Written evidence submitted by Ofsted




Ofsted has always taken a strong interest in pupil attendance in schools. However strong a curriculum, if pupils are not in school, they cannot learn.  Under our Education Inspection Framework, attendance forms an important part of the key judgement ‘behaviour and attitudes’.


The behaviour and attitudes judgement considers how leaders and staff create a safe, calm, orderly and positive environment in the school, and the impact this has on the behaviour and attitudes of pupils. This includes having a strong focus on attendance and punctuality so that disruption is minimised, and having clear and effective behaviour and attendance policies with clearly defined consequences that are applied consistently and fairly by all staff. 


On inspection, we will collect a range of evidence on attendance including:


Inspectors will recognise that the context in which schools operate has changed as a result of the pandemic. However, it is more important now than ever that children are in school and learning. Therefore, while we will always consider context (for example the increase in term-time holidays), we will expect school leaders have taken every reasonable step to ensure the best possible rates of attendance since the school opened to all pupils in March 2021. Some of this is discussed in our report on securing good attendance and tackling persistent absence, published last year[i].


Background Context


COVID-19 continued to affect pupils’ attendance in 2021/22, due to anxiety among pupils and parents, and families taking rescheduled holidays during term time. In some cases, attendance was affected directly by illness or pupils self-isolating. However, pupils missed fewer sessions in autumn 2021 than in autumn 2020[ii].


Total absence fell from 11.7% in autumn 2020 to 8.5% in autumn 2021. Of the 8.5%, 1.6% is attributed to COVID circumstances. This is down from 7% in autumn 2020[iii]. However, the absence rate is still much higher than in autumn 2019, when it was 4.9%.


The number of pupils identified as persistent absentees has increased since schools reopened after the lockdowns. In autumn 2021 (to date the only data available following reopening), almost one in four pupils missed at least 10% of sessions, equivalent to around seven days in the autumn term. Persistent absences were highest in Year 11 (31.7%). Fourteen per cent of all pupils missed 10% or more sessions due to illness alone, including positive cases of COVID-19[iv].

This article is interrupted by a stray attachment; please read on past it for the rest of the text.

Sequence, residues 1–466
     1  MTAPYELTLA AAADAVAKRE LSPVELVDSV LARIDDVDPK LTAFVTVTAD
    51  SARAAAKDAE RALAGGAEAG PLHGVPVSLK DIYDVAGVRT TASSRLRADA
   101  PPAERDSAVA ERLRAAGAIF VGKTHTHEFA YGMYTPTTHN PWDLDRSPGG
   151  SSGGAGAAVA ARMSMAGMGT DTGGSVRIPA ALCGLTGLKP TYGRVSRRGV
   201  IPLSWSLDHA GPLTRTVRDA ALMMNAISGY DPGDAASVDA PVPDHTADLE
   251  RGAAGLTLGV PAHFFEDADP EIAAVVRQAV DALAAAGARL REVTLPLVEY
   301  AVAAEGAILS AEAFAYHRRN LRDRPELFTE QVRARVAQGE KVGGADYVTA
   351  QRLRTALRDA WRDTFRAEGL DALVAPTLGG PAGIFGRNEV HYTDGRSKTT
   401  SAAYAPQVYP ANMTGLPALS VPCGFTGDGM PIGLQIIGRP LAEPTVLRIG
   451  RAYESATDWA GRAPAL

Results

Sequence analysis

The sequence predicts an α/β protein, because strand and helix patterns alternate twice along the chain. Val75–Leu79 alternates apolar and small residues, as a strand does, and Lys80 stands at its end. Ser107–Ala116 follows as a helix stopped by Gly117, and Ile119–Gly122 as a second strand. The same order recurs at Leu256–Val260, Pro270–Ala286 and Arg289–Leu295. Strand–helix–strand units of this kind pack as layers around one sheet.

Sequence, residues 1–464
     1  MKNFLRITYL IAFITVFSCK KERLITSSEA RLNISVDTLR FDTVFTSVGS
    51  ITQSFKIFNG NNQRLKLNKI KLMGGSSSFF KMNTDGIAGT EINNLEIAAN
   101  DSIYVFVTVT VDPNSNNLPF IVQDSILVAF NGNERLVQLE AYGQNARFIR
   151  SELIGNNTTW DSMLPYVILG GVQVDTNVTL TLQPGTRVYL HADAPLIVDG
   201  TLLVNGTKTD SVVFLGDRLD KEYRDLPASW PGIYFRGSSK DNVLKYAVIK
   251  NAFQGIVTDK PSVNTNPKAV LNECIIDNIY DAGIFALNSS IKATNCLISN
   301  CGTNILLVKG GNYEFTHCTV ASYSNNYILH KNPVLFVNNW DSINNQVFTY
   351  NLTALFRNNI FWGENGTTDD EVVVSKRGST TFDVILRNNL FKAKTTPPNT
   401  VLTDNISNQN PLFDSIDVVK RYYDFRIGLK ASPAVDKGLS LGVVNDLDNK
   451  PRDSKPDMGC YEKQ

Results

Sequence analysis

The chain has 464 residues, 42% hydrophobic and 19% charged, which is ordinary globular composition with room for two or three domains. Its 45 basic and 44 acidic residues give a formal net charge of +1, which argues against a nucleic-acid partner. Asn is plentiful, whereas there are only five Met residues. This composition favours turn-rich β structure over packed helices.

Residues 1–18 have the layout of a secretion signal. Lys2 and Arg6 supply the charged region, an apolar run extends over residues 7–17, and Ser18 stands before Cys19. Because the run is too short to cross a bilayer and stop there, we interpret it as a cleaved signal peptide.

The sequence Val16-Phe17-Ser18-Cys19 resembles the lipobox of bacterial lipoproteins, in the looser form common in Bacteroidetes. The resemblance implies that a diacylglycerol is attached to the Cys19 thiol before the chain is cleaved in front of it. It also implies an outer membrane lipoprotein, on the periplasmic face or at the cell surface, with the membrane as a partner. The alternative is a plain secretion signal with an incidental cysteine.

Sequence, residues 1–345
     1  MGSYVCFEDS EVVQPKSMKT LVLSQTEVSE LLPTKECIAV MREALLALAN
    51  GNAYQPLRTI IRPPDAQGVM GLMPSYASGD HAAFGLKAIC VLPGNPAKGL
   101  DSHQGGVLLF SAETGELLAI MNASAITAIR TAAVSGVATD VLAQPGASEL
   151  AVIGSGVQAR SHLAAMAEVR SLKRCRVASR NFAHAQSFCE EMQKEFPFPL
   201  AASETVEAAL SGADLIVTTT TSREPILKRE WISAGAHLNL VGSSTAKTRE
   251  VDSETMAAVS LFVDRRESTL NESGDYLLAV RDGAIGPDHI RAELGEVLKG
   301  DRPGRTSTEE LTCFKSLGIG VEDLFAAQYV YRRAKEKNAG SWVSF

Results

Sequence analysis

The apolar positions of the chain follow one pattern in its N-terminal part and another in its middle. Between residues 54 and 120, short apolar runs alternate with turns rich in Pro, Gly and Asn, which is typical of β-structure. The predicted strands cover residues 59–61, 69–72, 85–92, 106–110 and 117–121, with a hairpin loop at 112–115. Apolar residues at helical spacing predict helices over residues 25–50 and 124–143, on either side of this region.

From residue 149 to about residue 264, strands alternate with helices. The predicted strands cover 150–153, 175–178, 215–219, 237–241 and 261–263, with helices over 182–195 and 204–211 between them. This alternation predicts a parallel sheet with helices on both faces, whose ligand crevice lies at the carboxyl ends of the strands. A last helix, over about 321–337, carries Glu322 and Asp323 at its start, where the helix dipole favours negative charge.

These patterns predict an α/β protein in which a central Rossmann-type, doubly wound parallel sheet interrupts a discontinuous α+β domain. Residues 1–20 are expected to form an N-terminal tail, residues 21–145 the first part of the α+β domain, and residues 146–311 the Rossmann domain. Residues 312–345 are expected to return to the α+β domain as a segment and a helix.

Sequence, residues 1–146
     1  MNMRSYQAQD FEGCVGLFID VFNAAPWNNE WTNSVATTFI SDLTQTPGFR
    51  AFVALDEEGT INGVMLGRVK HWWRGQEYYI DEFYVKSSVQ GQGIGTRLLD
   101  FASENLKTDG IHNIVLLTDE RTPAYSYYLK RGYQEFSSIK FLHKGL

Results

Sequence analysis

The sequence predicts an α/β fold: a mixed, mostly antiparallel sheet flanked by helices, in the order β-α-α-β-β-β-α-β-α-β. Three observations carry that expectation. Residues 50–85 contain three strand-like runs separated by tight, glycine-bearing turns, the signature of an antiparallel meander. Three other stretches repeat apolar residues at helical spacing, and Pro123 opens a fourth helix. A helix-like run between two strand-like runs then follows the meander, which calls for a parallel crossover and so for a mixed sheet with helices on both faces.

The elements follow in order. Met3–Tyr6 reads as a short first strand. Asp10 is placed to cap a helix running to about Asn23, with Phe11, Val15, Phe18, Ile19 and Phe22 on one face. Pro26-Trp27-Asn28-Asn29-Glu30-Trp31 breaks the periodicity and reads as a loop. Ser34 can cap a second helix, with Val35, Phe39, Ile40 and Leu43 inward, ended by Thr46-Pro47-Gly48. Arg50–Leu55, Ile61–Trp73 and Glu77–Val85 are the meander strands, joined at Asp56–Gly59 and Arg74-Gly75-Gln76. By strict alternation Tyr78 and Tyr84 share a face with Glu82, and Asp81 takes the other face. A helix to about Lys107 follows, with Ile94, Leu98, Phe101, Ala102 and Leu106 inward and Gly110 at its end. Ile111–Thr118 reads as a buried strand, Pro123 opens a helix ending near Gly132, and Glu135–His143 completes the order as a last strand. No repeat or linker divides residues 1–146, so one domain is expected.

Question 1: The factors causing persistent and severe absence among different groups of pupils, in particular disadvantaged pupils, pupils from minority ethnic backgrounds, pupils with SEND and those who are clinically vulnerable to COVID-19, and pupils in alternative provision.


Persistent absence is getting worse. It is an issue with many underlying factors. While there may be some groups that have a higher proportion of persistent absence, it is important not to assume that this means all pupils in a group have the same factors at play, that are different from pupils in other groups. Our research has found that there are a number of factors that have caused persistent and severe absence among all groups of pupils.


Attendance since the pandemic has been the subject of much discussion. There were undoubtedly problems getting children back into school. Initial high levels of absenteeism have fallen, but there are still concerns about a smaller number of persistent absentees. For a minority of families, the social contract around schooling – attendance in return for education – has become fractured, perhaps tested by periods of lockdown. It is vital that all parents commit to full attendance for their children.